- Apply for a secured credit card. Unlike a traditional credit card, a secured card is linked to a savings account. The credit limit for the secured card is usually a percentage of the savings account balance. The savings account ensures that the lender won’t lose money if you fail to pay back what you charge on the account, so the lender is “secured.” If you make all your payments on time and demonstrate that you are able to use the card responsibly, your creditor may be willing to convert the account into a traditional credit card account. Some lenders do not report secured accounts to Experian or other credit reporting agencies, so be sure to ask if they do before opening the account.
- Ask a family member or close friend to add you to one of their credit card accounts. When you are added as an authorized user or joint account holder on another person’s credit card, the account may be included in your credit report, too.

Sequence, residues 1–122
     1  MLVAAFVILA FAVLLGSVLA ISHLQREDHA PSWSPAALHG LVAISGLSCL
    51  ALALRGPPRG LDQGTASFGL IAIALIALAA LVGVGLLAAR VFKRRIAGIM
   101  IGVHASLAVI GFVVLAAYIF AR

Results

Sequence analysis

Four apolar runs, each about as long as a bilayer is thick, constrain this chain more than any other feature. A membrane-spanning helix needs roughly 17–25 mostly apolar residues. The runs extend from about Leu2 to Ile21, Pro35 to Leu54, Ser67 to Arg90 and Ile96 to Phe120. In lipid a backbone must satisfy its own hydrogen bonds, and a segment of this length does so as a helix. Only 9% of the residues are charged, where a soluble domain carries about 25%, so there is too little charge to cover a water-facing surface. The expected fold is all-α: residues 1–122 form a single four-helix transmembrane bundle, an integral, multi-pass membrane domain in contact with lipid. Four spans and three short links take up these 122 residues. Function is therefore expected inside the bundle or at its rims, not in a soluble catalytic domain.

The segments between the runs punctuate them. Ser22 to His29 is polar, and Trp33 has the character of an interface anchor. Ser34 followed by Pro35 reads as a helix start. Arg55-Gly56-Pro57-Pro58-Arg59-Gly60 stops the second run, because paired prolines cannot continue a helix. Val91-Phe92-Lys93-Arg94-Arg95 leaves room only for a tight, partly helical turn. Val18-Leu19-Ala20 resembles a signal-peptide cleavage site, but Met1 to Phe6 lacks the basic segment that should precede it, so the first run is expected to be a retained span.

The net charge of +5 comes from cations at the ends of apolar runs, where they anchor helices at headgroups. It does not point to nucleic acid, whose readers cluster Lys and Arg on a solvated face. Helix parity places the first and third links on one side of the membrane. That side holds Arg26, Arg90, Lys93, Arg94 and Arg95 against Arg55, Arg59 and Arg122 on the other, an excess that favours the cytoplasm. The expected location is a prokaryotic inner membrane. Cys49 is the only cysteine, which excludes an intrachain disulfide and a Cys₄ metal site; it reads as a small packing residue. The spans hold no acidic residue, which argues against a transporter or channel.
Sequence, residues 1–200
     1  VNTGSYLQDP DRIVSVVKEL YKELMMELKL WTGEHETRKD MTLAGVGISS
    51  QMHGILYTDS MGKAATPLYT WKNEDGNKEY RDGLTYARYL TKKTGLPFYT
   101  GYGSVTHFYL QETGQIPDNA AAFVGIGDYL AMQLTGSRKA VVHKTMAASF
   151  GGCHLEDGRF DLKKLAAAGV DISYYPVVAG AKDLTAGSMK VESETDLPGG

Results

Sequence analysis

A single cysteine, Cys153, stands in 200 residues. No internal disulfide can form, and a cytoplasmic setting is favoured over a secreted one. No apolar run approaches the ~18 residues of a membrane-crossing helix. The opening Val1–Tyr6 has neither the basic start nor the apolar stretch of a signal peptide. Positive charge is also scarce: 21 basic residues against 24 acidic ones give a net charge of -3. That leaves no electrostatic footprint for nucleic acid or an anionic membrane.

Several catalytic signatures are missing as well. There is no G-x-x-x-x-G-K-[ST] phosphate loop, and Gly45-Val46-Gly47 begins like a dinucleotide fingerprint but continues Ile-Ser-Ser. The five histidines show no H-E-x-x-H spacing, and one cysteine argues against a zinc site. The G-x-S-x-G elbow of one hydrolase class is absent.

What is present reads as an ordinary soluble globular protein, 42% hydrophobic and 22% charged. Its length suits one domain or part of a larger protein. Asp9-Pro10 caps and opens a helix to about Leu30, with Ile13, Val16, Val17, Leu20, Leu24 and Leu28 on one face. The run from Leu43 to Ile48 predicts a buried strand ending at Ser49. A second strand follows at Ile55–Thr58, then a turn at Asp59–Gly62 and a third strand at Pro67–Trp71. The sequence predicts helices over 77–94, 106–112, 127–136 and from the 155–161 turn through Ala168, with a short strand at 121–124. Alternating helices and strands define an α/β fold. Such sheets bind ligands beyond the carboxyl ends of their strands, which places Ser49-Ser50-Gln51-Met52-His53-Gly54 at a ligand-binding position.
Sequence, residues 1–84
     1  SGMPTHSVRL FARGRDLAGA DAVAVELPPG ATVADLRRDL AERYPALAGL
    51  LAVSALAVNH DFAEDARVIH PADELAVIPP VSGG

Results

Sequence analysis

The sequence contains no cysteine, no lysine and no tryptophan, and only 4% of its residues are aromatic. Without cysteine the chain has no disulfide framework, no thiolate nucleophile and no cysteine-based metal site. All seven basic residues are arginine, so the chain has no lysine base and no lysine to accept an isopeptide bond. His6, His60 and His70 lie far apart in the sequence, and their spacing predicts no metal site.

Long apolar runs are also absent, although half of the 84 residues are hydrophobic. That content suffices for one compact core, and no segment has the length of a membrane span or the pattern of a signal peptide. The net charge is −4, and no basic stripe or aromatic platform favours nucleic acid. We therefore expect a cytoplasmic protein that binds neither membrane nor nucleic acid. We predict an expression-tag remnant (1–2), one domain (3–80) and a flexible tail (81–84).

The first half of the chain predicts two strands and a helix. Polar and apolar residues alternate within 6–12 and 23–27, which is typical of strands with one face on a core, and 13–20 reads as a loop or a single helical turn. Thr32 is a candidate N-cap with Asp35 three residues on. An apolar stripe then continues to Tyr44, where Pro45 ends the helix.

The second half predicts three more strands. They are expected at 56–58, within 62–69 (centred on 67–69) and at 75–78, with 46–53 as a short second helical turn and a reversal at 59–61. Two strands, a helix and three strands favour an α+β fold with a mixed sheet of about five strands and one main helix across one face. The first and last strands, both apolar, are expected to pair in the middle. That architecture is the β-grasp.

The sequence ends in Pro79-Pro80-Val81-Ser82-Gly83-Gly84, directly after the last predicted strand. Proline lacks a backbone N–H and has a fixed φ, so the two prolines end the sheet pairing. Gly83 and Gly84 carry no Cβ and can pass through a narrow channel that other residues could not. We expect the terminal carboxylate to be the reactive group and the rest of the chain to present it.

- Take out a small personal loan in your name. A loan for just a few hundred dollars from your bank, credit union or local retail store can help you build credit if it is reported to Experian. Just be sure to make all the payments on time until it is paid off.
How to Maintain Your Credit Score?
Once you have established a strong credit history and good credit scores, you need to take steps to maintain them. There are just a few things you have to do to keep good credit scores.
Pay On Time
Keep Utilization Rate Low
(30% or Lower)
Pay Fast Debts
Check Credit Often
- Make all of your payments on time. Your payment history is the most important factor in credit scores. It counts for up to 35% of your credit score. Late payments will hurt your credit scores more than anything else. Utility and cell phone payments are not typically included in a credit report, but failing to pay these bills when they are due could lead to your accounts being sold to collections. The collection account would then appear on your credit report and damage your credit scores.